Sometimes the true stories of these creatures that haunt our imaginations are just as weird and amazing as their fictional incarnations:
DRACULA / VAMPIRES
Today's vampire persona - the elegant blood-sucking creature of the night - comes primarily from Bram Stoker's novel, Dracula, published in 1897. Stoker's story, in turn, was based loosely on the real-life Vlad Dracula (1431-1476), a prince who actually did live in Transylvania in the Carpathian Mountains of Romania. The name Dracula is derived from a Romanian word that means "devil" or dragon." Obviously, Vlad Dracula was not a vampire, but Stoker undoubtedly used the historical figure as the basis of his vampire story because of Vlad's bloodthirsty style of dealing with those who opposed him. "A Brief History About the Dracul" states: "Vlad's brutal manner of terrorizing his enemies and the seemingly arbitrary manner in which he had people punished earned him the nickname 'Tepes' or 'the Impaler,' the common name by which he is known today. Stories of Vlad's cruelties were circulating through Europe. His end came at the hand of an assassin at some point toward the end of December 1476 or early January 1477."
The legend of the vampire predates Bram Stoker and even Vlad the Impaler. Vampires Thru the Ages traces them back to 1047 and a document referring to a Russian Prince as "Upir Lichy" or Wicked Vampire. A century later, Walter Map's De Nagis Curialium includes accounts of vampire-like beings in England. Waves of vampire hysteria swept through Prussia and Hungary in the 1700s, fueled perhaps by disease, ignorance and maybe a psychotic serial killer or two.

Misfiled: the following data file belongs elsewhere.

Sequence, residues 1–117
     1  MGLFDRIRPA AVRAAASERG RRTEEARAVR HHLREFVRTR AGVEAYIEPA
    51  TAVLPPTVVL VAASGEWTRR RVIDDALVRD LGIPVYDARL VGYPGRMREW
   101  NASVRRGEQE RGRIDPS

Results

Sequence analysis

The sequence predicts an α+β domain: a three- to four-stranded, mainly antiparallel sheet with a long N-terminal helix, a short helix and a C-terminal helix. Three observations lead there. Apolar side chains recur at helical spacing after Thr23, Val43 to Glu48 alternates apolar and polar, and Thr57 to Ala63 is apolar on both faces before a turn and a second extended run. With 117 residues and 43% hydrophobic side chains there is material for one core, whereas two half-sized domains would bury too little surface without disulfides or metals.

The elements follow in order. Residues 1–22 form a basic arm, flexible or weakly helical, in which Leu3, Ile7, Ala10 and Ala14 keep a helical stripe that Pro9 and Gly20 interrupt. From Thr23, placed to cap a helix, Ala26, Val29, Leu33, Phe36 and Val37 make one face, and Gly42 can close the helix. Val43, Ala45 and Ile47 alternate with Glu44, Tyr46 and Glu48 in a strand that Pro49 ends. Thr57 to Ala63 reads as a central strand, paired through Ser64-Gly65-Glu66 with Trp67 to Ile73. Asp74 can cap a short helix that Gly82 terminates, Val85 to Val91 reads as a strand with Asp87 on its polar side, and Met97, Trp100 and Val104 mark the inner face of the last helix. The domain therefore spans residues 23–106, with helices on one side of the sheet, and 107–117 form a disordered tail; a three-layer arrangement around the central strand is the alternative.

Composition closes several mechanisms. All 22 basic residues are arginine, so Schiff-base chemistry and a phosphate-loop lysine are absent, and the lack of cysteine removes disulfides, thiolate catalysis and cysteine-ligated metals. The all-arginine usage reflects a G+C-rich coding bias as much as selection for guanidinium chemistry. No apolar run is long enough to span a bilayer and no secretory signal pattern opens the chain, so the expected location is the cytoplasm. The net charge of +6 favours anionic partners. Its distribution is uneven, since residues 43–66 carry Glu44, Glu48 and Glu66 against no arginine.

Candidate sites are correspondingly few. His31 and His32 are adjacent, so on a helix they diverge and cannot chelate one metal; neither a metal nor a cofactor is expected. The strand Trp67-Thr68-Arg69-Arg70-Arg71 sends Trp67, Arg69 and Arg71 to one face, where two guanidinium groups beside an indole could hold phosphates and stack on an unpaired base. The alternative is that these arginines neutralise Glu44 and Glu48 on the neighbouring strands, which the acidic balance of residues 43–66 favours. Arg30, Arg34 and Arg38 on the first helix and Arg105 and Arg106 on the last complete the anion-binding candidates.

The tradition of the vampire has been firmly established into our modern culture by Hollywood, television and the highly popular novels of Anne Rice and others.
Are there real vampires? No. There are small cults of people who call themselves "vampires," like to dress in "goth" fashion, avoid the daylight and might even drink human blood. But there's nothing supernatural about these people - maybe just something a bit... odd.
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